Modern Political Debates Are a Disaster for Our Civic Life—We Should Demand Better

Some 10 minutes into the “debate” last week between Florida Governor Ron DeSantis and his California counterpart, Gavin Newsom, I—a confirmed debate devotee since my 9-year-old self watched Richard Nixon and John Kennedy square off in a series of substantive, policy-and world-view-driven forums prior to the 1960 presidential election—turned it off.

Committed as I am to keeping up with the affairs of the day—which includes the almost uniformly contentious and dismal exercises that pass for modern political debates—I was suddenly overcome at the spectacle playing out in front of me. To slightly alter the Howard Beale character’s vehemence in the 1976 film, “Network”: “I’m frustrated as hell, and I’m not going take this anymore!”

So I clicked the remote and settled back into reading the novel calling kindly for my attention from the table next to me, my blood pressure all the gladder for my decision.

Nevertheless, the whole experience later had me thinking back to my previous posts on this matter in September, 2020. The first addressed the infinitely more civilized and chewy qualities of the Kennedy-Nixon debates.

The second put forth an imaginative exercise for Joe Biden to refuse any future debates with his 2020 opponent Donald Trump, and which I would recommend for him again in 2024 absent a massive, strictly enforced overhaul of the entire presidential debate structure.

It’s that latter point I’d like to explore here.



The coarsening of our political culture has been a long time a-building. Some observers actually trace it back to the very Kennedy-Nixon debates I cite as exemplars of the genre. As the first debates of the television age, they foretold all of television’s inherent capacity to both ennoble and degrade cultural, political, and every other form of discourse it trains its cameras on.

Left to its own devices, it was perhaps inevitable that television would allow our politics to devolve into just another form of superficial mass “entertainment,” with conflict at its core.

We are not so far, after all, from the gladiator blood sports that ancient Romans conducted “to distract the poor from their poverty,” as one historical source puts it, then adding:“Over time, the games became more spectacular and elaborate as emperors felt compelled to outdo the previous year’s competitons.”

The mass media hit that is the “Ultimate Fighting Championships” is an all-too-glaring example of the above. This tendency of media to forge beyond previous constraints in pursuit of ever more gritty drama seems to be working just fine to keep our eyeballs glued to screens and money flowing, but at what cost?  What we can readily see is the disaster it is proving to be for our politics with every new campaign season.

Though I was spared the sight of this via my early desertion of the other night’s debate, DeSantis apparently saw fit at one point to hold up a printed page with brown splotches all over it, indicating, he intoned, “an app that plots human feces that are found on the streets of San Francisco.”

Which begat the realization that someone actually observed and noted the precise locations of these “sightings” and created an app (a government agency, perhaps?), whereupon the DeSantis campaign printed and handed a map for the candidate to display on national television as evidence to prove what a bad governor Newsom is.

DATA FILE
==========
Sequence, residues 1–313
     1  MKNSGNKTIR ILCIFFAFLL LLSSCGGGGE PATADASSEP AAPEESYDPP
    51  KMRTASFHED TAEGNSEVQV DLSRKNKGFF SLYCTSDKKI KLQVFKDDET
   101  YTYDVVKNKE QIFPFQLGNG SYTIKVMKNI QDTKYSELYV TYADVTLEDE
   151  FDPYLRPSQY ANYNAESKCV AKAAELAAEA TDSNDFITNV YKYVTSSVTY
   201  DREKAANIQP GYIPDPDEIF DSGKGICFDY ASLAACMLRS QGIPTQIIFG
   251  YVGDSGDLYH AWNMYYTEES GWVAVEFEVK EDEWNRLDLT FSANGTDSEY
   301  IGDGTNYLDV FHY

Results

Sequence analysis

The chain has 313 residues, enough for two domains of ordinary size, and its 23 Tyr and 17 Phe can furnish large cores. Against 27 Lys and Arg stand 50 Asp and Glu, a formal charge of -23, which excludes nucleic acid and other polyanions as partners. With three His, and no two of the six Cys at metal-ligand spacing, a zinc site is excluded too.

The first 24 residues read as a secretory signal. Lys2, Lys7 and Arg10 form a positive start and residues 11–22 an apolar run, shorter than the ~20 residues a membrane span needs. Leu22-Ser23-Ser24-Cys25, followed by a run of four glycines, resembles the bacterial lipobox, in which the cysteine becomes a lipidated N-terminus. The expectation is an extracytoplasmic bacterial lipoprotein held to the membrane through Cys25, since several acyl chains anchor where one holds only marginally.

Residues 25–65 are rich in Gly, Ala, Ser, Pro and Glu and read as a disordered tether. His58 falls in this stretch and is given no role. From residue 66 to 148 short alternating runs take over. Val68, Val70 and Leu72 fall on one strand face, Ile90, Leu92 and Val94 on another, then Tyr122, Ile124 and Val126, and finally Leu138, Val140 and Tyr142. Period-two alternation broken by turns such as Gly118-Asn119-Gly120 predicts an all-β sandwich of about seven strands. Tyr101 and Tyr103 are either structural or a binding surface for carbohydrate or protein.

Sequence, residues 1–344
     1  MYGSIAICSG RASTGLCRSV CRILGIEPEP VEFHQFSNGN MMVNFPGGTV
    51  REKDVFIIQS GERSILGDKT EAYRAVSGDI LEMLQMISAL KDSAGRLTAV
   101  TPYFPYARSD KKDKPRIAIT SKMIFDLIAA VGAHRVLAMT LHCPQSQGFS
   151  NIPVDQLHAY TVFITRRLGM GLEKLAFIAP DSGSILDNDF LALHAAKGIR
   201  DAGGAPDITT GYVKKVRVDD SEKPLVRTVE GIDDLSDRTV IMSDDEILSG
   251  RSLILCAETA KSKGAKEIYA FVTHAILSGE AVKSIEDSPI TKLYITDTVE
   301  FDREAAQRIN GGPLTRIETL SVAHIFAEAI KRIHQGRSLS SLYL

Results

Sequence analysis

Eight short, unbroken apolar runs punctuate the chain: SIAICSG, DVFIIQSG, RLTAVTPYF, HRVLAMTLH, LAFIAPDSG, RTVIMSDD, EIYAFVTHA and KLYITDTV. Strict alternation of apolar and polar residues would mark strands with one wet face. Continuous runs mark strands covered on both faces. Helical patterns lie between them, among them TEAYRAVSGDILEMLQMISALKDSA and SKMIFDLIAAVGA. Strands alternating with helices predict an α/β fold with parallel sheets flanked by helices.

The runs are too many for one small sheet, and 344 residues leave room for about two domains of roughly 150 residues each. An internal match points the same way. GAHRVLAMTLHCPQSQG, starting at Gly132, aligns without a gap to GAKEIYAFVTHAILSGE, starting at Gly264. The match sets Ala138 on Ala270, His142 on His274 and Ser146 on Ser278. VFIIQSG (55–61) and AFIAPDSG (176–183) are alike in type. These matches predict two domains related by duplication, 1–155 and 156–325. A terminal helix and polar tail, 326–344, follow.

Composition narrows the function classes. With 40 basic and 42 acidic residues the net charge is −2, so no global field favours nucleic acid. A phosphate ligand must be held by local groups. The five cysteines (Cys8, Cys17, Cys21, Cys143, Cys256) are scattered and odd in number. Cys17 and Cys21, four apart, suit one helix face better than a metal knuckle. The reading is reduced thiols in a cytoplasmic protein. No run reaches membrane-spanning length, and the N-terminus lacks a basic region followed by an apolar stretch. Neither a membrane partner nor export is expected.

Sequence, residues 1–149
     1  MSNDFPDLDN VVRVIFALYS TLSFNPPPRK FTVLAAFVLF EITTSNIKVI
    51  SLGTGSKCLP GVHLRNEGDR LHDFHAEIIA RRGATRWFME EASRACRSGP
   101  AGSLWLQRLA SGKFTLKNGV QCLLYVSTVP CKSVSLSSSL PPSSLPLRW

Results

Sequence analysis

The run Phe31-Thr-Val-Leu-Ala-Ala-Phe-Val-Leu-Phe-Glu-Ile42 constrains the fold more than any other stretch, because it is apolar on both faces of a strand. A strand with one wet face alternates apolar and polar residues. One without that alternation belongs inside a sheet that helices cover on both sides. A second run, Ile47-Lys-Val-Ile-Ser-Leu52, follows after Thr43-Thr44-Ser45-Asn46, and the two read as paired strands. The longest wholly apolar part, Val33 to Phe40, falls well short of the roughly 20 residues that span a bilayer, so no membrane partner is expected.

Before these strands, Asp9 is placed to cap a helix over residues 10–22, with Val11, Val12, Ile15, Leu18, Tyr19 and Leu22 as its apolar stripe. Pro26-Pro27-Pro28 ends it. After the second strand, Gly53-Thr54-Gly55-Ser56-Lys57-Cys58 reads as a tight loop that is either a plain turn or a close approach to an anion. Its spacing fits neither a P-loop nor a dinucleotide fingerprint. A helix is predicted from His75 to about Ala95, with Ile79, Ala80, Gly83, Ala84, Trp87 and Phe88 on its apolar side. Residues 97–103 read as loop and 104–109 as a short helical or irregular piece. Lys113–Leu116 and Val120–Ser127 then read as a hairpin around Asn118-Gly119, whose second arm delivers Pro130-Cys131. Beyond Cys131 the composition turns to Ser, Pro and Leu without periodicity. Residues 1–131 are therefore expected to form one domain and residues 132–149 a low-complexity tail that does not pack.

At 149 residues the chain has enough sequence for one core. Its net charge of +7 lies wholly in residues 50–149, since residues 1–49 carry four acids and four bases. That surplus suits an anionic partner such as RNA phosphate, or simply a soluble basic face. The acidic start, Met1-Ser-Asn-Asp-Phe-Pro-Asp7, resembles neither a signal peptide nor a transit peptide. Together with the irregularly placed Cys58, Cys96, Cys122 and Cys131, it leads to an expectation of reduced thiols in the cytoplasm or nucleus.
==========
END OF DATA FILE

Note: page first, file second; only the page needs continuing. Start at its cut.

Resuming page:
The mind reels.


So: pursuant to that and countless other stunts candidates have seen fit to pull in pursuit of a defining debate “moment,” what are we to do?

Let’s start with this: a most basic reflection that under no circumstances would any of us ever train our children to engage in the shouting, angry, accusatory, combative, ad hominem character assassination we regularly see on display in political debates today.

The unwillingness to concede an inch, the unconcealed disdain and distortion of each other’s views and character, the aggressive, omnipresent, ape-like posturing, Vivek Ramaswamy and Nikki Haley, for just one example, screeching over one another like alley cats for extended periods while moderators look on, seemingly helpless (or unwilling?) to call a halt: Oh, my word!

First-grade teachers the world over would nip all such behavior in the bud the second it appears in fulfilling their duty to inculcate their students with the basic civilities that are supposed to define us as human, finally emerged from the jungle.

So if all these behaviors would be intolerable from our 6-year-olds, why do we countenance, if not encourage them, in our political class? What has happened to us? Why is there no movement to turn down the temperature on these events whose strange, singular virtue is only that they manage to bring all political persuasions together in widely agreed condemnation?

It’s hard to imagine who gains from this spectacle other than the scores of talking heads on post-debate panels pulling down paychecks by telling us who they think “won,” based most often on how “tough” (synonyms: loud, vitriolic, mendacious) a given candidate is in fending off attacks and counter-attacking in return.

Is it any wonder that millions of us have turned away from debates (precious few people I ever talk to can stomach watching), while many millions more have forsaken politics altogether, calling a not entirely undeserved pox on all politicians’ houses?

Name me the Commissar of Debates with dictatorial powers to set their terms and here’s what I’d do. (And please do feel free to suggest your own format improvements in the Comments section below.)